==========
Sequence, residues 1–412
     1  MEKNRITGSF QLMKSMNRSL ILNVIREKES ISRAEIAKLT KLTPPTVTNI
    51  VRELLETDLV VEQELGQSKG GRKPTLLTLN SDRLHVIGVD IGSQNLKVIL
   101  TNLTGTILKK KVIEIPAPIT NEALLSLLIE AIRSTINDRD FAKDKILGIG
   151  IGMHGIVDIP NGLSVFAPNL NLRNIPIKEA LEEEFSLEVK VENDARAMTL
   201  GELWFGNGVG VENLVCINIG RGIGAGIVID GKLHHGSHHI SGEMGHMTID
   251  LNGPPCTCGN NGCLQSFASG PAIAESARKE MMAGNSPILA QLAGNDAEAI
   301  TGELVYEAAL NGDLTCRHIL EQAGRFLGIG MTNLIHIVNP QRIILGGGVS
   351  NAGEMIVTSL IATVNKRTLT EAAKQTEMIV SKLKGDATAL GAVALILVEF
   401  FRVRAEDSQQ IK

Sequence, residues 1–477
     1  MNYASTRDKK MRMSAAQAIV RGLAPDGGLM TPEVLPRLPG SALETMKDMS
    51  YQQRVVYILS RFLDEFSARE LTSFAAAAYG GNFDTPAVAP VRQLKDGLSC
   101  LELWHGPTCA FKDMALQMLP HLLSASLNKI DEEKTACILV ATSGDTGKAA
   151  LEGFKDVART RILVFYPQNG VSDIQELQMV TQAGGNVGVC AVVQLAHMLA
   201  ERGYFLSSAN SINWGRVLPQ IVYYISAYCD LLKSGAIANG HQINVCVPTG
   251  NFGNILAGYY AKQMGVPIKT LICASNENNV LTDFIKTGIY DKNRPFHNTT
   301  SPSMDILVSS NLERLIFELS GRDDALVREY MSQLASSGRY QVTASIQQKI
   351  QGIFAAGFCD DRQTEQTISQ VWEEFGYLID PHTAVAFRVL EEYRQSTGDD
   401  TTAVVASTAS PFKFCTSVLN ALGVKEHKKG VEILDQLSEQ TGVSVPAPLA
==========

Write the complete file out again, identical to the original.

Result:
Sequence, residues 1–412
     1  MEKNRITGSF QLMKSMNRSL ILNVIREKES ISRAEIAKLT KLTPPTVTNI
    51  VRELLETDLV VEQELGQSKG GRKPTLLTLN SDRLHVIGVD IGSQNLKVIL
   101  TNLTGTILKK KVIEIPAPIT NEALLSLLIE AIRSTINDRD FAKDKILGIG
   151  IGMHGIVDIP NGLSVFAPNL NLRNIPIKEA LEEEFSLEVK VENDARAMTL
   201  GELWFGNGVG VENLVCINIG RGIGAGIVID GKLHHGSHHI SGEMGHMTID
   251  LNGPPCTCGN NGCLQSFASG PAIAESARKE MMAGNSPILA QLAGNDAEAI
   301  TGELVYEAAL NGDLTCRHIL EQAGRFLGIG MTNLIHIVNP QRIILGGGVS
   351  NAGEMIVTSL IATVNKRTLT EAAKQTEMIV SKLKGDATAL GAVALILVEF
   401  FRVRAEDSQQ IK

Sequence, residues 1–477
     1  MNYASTRDKK MRMSAAQAIV RGLAPDGGLM TPEVLPRLPG SALETMKDMS
    51  YQQRVVYILS RFLDEFSARE LTSFAAAAYG GNFDTPAVAP VRQLKDGLSC
   101  LELWHGPTCA FKDMALQMLP HLLSASLNKI DEEKTACILV ATSGDTGKAA
   151  LEGFKDVART RILVFYPQNG VSDIQELQMV TQAGGNVGVC AVVQLAHMLA
   201  ERGYFLSSAN SINWGRVLPQ IVYYISAYCD LLKSGAIANG HQINVCVPTG
   251  NFGNILAGYY AKQMGVPIKT LICASNENNV LTDFIKTGIY DKNRPFHNTT
   301  SPSMDILVSS NLERLIFELS GRDDALVREY MSQLASSGRY QVTASIQQKI
   351  QGIFAAGFCD DRQTEQTISQ VWEEFGYLID PHTAVAFRVL EEYRQSTGDD
   401  TTAVVASTAS PFKFCTSVLN ALGVKEHKKG VEILDQLSEQ TGVSVPAPLA